NAMM 2013 – the best music tech on show

Five harmonious highlights from the world’s premier music product trade expo

 

From US$200 (approx. £130), ikmultimedia.com

The iLoud and its little brother the iLoud MINI are portable, battery-powered speakers designed for fussy musicians that won’t accept terrible, tinny audio; IK claims they’re “2 to 3 times louder” than most speakers their size (the iLoud offers 40W RMS power, the MINI 12W). The iLoud is iPad-sized, while the iLoud MINI is, well, iPad Mini-sized (they’re both thicker, obviously). Look out for them in the spring.

IK Multimedia iLoud and iLoud MINI

£TBC, numark.com

It might look like the 21st century answer to 80s toy classic Simon, but the Orbit is an entirely new type of product: a Wi-Fi-equipped DJ controller with 16 backlit pads that can be set to launch effects, samples, hot cues and the like, while the central control wheel and buttons can tweak these effects and filters. The idea is that DJs can use this on stage (whether strapped to their body or on a desktop) in order to “perform” more energetically. Symptomatic of the need for DJs to be seen as stars these days, perhaps?

More after the break...

US$400 (approx. £260), lividinstruments.com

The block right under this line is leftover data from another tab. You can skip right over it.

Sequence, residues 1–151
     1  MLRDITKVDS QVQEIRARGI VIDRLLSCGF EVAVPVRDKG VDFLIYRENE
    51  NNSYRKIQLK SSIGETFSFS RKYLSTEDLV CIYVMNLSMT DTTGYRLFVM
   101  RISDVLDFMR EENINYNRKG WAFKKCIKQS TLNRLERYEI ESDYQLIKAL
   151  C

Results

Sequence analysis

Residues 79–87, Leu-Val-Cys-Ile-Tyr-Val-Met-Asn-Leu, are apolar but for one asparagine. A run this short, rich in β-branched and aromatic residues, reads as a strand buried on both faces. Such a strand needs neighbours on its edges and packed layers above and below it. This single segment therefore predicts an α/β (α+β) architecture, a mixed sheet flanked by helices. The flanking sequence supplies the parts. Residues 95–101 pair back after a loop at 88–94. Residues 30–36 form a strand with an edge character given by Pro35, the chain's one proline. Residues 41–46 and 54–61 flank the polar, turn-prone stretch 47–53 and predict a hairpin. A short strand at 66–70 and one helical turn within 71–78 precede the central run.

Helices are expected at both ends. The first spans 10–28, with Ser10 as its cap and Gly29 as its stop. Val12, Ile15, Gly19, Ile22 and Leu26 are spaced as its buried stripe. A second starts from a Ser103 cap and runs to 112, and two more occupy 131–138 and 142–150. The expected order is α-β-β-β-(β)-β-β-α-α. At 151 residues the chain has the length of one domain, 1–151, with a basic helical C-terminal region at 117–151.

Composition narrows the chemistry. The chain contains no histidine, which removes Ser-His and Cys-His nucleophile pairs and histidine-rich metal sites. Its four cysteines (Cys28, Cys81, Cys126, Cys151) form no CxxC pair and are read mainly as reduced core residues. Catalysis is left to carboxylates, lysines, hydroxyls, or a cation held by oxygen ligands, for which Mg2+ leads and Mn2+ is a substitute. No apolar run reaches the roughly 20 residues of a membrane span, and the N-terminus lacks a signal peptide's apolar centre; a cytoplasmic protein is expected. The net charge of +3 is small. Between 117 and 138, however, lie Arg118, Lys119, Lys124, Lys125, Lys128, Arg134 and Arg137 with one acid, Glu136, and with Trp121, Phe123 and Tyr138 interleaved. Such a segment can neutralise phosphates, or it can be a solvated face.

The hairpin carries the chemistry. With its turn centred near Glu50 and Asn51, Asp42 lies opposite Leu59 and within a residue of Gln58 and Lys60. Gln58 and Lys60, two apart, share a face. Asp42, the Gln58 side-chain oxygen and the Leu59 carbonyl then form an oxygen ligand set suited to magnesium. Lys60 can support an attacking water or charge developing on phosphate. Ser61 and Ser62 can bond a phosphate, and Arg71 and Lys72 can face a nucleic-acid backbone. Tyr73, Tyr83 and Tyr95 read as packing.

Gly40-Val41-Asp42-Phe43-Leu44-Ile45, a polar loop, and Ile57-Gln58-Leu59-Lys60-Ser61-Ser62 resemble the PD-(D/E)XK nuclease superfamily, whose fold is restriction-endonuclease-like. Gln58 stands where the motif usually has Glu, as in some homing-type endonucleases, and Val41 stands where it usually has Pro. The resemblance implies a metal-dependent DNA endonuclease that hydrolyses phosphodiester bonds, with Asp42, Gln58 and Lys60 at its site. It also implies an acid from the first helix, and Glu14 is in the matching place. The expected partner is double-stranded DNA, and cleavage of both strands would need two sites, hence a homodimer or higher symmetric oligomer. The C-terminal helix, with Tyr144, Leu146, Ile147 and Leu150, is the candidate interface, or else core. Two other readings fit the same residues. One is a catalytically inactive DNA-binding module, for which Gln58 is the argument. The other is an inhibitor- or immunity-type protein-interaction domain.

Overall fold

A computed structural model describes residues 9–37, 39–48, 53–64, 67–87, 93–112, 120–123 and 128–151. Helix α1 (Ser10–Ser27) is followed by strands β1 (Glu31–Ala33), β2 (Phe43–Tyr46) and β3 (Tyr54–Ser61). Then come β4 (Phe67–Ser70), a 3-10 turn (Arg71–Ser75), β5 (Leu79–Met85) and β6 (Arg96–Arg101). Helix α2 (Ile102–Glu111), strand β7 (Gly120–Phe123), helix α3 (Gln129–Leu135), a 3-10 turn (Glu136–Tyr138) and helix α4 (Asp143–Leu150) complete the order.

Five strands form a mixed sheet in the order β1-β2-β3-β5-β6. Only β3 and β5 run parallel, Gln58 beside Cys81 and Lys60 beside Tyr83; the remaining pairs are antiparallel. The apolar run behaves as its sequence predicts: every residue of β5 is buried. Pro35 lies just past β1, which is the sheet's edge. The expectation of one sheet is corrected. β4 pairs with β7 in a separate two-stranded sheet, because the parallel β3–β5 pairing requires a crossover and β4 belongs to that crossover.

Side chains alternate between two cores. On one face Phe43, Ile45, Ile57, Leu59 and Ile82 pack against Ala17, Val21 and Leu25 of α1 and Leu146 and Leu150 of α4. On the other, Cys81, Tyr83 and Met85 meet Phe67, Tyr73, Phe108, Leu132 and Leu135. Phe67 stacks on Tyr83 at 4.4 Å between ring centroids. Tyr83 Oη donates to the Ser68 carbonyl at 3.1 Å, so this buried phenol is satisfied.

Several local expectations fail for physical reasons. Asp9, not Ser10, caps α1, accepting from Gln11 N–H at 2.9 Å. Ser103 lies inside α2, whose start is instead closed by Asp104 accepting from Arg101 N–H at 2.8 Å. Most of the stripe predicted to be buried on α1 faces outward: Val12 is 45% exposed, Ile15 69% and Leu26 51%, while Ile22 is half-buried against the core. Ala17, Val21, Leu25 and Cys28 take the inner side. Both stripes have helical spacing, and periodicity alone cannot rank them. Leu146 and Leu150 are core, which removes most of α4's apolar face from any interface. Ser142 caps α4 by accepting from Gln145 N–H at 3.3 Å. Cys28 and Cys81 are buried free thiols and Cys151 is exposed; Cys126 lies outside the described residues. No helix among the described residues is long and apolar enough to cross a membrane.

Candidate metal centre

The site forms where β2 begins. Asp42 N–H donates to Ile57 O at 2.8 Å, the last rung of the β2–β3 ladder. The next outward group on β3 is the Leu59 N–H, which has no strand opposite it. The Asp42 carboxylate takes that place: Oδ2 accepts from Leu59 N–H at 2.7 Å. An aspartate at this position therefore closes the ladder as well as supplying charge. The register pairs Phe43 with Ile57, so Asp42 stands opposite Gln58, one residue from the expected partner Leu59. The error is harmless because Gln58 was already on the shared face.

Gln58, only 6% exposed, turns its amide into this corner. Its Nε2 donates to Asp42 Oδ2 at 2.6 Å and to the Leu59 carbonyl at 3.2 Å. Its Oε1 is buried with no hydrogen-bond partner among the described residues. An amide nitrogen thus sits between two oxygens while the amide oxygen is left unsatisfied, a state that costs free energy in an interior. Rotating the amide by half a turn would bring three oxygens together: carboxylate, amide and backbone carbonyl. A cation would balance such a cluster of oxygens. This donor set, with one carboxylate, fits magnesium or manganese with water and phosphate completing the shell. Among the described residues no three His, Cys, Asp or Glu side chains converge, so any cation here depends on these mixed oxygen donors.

This MPC features a pressure-sensitive, LED-lit surface and sliders for drums, loops and samples, with everything customisable via a web app. Made of aluminium and rubber, it’s lightweight enough to be carted around to your various “gigs”.

Numark Orbit

US$1,100 (approx. £700), moogmusic.com

Very little gets electronic music nerds hotter under the collar than the launch of a new Moog synth, and the Sub Phatty is described as “the grittiest Moog synth ever”. It’s the first analogue synth to offer Moog’s Multidrive circuit, designed to add “warmth and girth” at low levels and a “screaming snarl” at higher settings. The Sub Phatty should be on sale from March onwards.

£TBC, orangeopc.com

The third generation of this PC from legendary amplifier maker Orange rocks an Intel Core i7 processor, maximum 16GB of RAM and either Nvidia 650 or AMD HD 7750 graphics, plus studio-quality speakers and £500 of pre-installed recording software. Quite bizarre as a concept, it’s nonetheless incredibly cool if you’re into your cutting edge tech being hidden inside retro clothing.

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